We've all heard the rule, "say it once and once only." But there you are wanting your pup to sit and having asked now, twelve or more times you give up and walk away. I see people over using verbal cues all the time, even dog trainers. Many ask their dog to stay while holding their hand up and repeating stay, stay, stay. Like the arm waving overload that tends to confuse matters of clearly understanding; so does the over use of verbal cues.
When I teach a new behavior, I rarely use a verbal cue. Of course sometimes a cue will just slip out as I have been training for so long, it just happens. But I like to keep the words out of the scene until the dog has a grasp on what we are doing. Whether shaping or luring the behavior; it is done so without any verbal coaxing. This way the dog can think clearly and without the clutter of extra words thrown in that typically confuse matters.
Once a dog has the understanding of the behavior and is somewhat reliably offering it; I will then add a verbal cue to it. If you consider a behavior that in the process of being learned; there is a great deal of waiting. Both when shaping and luring a behavior you must wait for the dog to carry out a certain degree of the behavior. You may be working in baby steps so each section of the broken down complete behavior is rewarded. The steps are repeated over and over again until you reach the final full behavior sequence. At that point you work on reliability; meaning that the dog will perform the behavior at a good rate of success. But what happens if your dog does not comply once a behavior is reliable?
First off most people under train a behavior; they put too much emphasis on a newly learned behavior. Many people think that because their dog can do a sit up and bow trick at home that they can do it at a crowded park. Some dogs can but most dogs need training in that crowded park before considering it a reliable behavior. Once a behavior is reliable and that is not to say that it is 100% reliable; dogs will be dogs and there is always that unknown factor that can interfere. But when a behavior is reliable and your dog does not fulfill the behavior with a positive action then do you ask again? Yes and no. Yes if you know what you are doing; no if you are just repeating a verbal cue in hopes that your dog will respond to the second request.
Repeating a verbal cue is enforcing. No behavior should ever be left to fizzle out due to frustration. Just yesterday Elsa dropped her ball when we were doing retrieve work to smell something that caught her nose. I called to her "bring it," and she gave me only a slight indication that she had heard me. I immediately started walking her way with every intention of picking up the ball and ending the game. But halfway there she looked up at me; she knows that I mean business so I said to her again, "bring it." She immediately brought me the ball and dropped it at my feet. She not only understood that I wanted the ball brought to me but that if she stops mid way I'm doing something about it. Even though the game of chuck it is a fun outlet for her; we are either doing it or we are not. This is not the time to be sniffing around and smelling the roses. I grab some serious run time when I can get it so she must be serious and dedicated enough to give it her all.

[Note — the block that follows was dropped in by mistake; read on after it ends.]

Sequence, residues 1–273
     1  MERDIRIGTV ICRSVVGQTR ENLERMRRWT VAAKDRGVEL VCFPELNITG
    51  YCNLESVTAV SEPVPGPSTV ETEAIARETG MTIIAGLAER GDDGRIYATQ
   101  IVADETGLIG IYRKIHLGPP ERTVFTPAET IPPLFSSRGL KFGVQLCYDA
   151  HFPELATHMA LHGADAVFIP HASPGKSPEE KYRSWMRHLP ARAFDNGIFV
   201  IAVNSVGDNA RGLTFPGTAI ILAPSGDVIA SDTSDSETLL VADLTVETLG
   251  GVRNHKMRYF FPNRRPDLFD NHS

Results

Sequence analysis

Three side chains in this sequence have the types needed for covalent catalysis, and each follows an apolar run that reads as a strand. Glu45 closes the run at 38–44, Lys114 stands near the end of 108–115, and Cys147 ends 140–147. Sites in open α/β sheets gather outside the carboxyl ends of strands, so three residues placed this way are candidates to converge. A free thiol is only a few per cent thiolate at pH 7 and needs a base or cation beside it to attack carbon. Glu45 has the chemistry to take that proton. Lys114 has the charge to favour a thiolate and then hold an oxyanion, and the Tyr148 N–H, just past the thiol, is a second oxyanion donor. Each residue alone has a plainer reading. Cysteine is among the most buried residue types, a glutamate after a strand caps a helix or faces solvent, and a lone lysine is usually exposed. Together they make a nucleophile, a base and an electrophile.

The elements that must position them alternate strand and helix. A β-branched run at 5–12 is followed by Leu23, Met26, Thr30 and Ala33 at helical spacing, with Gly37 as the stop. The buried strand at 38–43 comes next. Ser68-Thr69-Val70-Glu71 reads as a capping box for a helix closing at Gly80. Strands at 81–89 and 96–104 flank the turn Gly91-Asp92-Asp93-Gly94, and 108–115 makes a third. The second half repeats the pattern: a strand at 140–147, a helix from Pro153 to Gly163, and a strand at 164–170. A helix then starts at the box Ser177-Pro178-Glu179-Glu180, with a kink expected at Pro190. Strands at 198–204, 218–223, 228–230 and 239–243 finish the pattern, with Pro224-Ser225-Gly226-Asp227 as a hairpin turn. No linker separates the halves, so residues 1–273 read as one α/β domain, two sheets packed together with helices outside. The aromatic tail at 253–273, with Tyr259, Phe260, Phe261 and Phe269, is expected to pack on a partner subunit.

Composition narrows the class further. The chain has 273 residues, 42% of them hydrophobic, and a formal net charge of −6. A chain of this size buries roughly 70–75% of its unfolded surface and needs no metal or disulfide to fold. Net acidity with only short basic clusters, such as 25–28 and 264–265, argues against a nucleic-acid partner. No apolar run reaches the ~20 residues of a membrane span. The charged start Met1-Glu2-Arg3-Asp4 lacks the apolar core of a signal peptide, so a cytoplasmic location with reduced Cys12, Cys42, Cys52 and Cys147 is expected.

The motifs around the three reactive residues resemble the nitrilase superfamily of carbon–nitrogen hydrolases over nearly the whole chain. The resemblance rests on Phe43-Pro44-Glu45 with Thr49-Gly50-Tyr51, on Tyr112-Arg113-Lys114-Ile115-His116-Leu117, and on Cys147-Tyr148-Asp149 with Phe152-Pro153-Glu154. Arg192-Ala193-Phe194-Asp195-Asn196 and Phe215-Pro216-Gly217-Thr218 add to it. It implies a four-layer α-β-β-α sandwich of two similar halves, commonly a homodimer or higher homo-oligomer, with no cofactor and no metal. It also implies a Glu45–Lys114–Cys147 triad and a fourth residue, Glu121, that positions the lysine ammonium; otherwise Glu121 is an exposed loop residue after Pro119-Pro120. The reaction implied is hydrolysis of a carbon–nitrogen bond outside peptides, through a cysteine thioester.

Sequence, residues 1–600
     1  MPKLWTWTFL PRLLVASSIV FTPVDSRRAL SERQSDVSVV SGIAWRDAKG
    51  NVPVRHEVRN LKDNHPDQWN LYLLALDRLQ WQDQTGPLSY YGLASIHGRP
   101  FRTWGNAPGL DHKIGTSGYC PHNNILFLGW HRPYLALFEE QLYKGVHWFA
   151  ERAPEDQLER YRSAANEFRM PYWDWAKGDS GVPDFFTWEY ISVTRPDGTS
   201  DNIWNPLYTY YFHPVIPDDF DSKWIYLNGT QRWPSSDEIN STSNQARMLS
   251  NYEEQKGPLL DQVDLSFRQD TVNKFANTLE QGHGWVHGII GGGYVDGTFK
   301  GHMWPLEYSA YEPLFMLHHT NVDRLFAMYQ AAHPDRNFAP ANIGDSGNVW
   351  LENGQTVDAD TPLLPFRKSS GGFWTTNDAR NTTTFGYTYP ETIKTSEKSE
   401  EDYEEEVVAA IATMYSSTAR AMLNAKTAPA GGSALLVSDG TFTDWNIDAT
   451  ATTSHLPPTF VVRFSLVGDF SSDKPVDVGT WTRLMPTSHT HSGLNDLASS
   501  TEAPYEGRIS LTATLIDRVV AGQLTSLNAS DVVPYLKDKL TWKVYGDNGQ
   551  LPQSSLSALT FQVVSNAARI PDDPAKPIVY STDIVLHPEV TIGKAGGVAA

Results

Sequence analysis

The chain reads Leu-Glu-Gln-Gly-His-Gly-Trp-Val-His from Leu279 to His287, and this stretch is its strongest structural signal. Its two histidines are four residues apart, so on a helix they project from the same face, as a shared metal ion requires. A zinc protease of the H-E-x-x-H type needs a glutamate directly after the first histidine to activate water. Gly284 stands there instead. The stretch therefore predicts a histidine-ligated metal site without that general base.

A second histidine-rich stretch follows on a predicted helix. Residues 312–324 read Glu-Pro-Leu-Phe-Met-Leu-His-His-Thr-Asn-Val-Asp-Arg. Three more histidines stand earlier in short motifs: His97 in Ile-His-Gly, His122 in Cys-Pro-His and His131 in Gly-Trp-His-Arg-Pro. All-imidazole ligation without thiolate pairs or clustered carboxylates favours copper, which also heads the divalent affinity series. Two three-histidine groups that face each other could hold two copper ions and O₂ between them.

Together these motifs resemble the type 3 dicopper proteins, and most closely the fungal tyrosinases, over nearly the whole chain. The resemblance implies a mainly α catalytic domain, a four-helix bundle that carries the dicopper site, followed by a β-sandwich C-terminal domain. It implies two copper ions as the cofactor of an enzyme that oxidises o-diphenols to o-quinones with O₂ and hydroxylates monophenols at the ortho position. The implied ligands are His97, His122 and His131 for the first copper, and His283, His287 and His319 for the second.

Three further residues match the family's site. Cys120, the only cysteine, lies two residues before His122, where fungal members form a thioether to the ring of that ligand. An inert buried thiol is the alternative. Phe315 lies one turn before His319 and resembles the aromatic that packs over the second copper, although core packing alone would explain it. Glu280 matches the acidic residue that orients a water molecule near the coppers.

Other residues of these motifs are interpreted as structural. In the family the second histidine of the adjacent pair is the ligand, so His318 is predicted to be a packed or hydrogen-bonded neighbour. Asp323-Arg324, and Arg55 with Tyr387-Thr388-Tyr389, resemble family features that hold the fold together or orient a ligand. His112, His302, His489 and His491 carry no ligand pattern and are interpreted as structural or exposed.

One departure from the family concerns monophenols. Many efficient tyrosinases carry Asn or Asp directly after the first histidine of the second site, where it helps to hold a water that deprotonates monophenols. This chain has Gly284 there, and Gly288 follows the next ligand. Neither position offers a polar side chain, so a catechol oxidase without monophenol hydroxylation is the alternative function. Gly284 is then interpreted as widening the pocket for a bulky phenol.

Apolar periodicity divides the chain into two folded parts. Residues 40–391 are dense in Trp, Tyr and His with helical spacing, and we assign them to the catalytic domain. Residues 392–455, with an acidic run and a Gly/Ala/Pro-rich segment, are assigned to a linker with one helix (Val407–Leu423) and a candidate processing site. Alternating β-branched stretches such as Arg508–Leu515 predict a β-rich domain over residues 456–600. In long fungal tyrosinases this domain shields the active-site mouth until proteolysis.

If I ask my dogs to do something and they snub me, I act immediately. There is no time like the present and that is the precise moment that you are not responded to. Timing is everything but you must also weigh in external stimulus; the environment and those within it when a dog does not comply. They are not robots and I do not expect my dogs to not react to things around them. That said I will work through a new distraction or stimulus to get to the positive response stage. Dogs have to learn about responding in different environments, distraction levels and interruptions. There is most definitely a time and a place where verbal cue repeats are required. But they must be used strategically and not simply said over and over again.
Too many people keep repeating a command in hopes of a positive response from their dog. When they do not receive it they give up in frustration. That is where the biggest problem falls, giving up. Your dog learns very quickly that a verbal cue means nothing . After several attempts you will grow frustrated and let the cue fizzle out and die. No verbal cue should ever end on a negative note. If you are not given a positive response, then use it until you do. But don't just stand in one spot and continue to do the same thing over and over in hopes of receiving an alternative response. Act, teach and guide your dog to success.